The one-time baseball great apparently had struck his head against a banister in slipping or falling in the house, family friends said. A coroner’s officer declared Lazzeri had been dead approximately thirty-six hours when the body was discovered at 4 P.M. (PST) today and said death might have been due to a heart attack.
Anthony Michael (Push-‘em-Up-Tony) Lazzeri, the soft-spoken native of the Cow Hollow district of San Francisco, was one of the most popular men in modern baseball. His cool disposition and slugging prowess earned him the reputation of being regarded as one of the game’s finest “clutch” hitters.
He became a star after going to the Yanks in 1926 and played a major role in helping the club to win the pennant that year. While he won fame for his timely hitting, he was noted also for failing to deliver when the chips were down in the world series game between the Yankees and the St. Louis Cardinals. He was fanned in the seventh inning with the bases full by Grover Cleveland Alexander in one of baseball’s most dramatic moments.
Tony was born on Dec. 6, 1903. His father wanted him to stick to a boiler factory job but the future baseball idol wanted to play baseball. He played it so well that he became known as a baseball player’s ballplayer. He was sure death to ground balls and was never known to give an opposing player the “spikes.”
Playing against the Philadelphia Athletics on May 24, 1936, Lazzeri became the first major leaguer ever to hit two home runs with the bases full in one game. In the same contest, he batted in eleven runs for a new American League record.
That feat enabled him to set two other major league records, with six home runs in three consecutive contests and seven homers in four successive games. He also tied the big-league standard of five homers in two consecutive games and equaled the modern mark of four long hits in one contest.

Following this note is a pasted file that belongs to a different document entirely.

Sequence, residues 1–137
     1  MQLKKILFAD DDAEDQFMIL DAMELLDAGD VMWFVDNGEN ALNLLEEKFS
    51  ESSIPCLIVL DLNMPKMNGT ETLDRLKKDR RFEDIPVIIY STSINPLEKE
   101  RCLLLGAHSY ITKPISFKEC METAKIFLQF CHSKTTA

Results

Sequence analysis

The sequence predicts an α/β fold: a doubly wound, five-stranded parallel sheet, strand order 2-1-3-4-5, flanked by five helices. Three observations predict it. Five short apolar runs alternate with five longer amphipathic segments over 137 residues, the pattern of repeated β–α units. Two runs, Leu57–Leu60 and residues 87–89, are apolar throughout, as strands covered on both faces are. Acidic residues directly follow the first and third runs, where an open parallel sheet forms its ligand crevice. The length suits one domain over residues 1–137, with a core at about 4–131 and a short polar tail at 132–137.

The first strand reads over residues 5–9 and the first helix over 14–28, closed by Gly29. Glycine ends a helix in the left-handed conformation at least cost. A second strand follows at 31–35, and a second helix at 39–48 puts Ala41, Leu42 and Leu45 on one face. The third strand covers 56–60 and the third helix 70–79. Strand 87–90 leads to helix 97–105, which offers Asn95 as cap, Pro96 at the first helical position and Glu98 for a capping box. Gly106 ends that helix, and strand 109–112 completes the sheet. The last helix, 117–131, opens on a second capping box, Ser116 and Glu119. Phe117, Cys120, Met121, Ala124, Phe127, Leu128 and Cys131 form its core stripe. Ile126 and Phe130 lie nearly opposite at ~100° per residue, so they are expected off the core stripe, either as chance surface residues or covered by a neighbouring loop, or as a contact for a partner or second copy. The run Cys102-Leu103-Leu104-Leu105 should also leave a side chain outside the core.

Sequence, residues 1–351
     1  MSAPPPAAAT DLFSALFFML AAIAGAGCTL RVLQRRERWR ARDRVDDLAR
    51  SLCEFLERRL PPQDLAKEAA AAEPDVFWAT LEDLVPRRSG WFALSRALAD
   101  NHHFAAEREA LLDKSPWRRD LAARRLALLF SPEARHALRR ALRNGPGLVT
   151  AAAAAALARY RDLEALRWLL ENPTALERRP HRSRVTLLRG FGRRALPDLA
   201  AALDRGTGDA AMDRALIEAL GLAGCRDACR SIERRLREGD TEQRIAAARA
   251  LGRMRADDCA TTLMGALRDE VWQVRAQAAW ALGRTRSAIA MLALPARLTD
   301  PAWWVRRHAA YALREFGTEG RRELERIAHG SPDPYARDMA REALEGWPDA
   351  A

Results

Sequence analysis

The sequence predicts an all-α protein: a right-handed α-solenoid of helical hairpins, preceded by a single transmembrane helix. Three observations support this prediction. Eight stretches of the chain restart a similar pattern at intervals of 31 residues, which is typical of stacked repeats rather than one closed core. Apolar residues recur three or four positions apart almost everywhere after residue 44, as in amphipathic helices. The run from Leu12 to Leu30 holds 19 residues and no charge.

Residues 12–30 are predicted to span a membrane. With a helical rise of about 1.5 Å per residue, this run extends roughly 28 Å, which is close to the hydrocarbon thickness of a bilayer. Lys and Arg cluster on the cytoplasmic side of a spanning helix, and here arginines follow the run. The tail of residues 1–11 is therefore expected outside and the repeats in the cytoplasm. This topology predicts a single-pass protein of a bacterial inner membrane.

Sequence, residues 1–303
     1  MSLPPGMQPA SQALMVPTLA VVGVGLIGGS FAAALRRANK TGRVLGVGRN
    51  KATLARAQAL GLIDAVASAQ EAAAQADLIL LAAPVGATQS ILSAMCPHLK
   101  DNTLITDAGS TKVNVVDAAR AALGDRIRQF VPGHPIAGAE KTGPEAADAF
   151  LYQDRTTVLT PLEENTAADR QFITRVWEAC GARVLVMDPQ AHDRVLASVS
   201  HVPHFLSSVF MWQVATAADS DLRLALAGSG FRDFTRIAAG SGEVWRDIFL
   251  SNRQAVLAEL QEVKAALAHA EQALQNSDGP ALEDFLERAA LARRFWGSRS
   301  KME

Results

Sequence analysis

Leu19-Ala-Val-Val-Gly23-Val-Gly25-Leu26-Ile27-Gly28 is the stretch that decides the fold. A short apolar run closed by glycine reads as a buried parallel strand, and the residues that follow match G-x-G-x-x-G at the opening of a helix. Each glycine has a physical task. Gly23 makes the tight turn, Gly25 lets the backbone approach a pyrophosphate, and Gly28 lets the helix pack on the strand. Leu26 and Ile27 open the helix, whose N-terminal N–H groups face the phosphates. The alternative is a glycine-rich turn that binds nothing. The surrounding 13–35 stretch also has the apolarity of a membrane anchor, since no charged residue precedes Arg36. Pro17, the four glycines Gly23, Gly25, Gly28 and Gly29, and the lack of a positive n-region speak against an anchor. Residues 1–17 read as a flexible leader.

Tony almost quit baseball in 1923, when he became discouraged because he was shifted back and forth between the Salt Lake City club and other minor-league teams. He was optioned to the Eastern League, decided to quit and advised the Salt Lake City club of his decision. He stayed out of the game for about ten days and then found a place with the Lincoln team in the Western League.
The 1925 season found him in the Pacific Coast League hitting .355 for Salt Lake City, his string including sixty homers, which pounded in 222 runs. It was in the autumn that the Yankees bought him for $75,000.
He retired from baseball after his release as a manager of the Wilkes-Barre Eastern League club in 1943. He had closed his major league career in 1939 after serving briefly with the Chicago Cubs and the Brooklyn Dodgers. When he left the Yankees at the finish of the 1937 season, his major-league batting mark was .292.
Lazzeri retired to business life two years ago. He became a partner in a San Francisco tavern.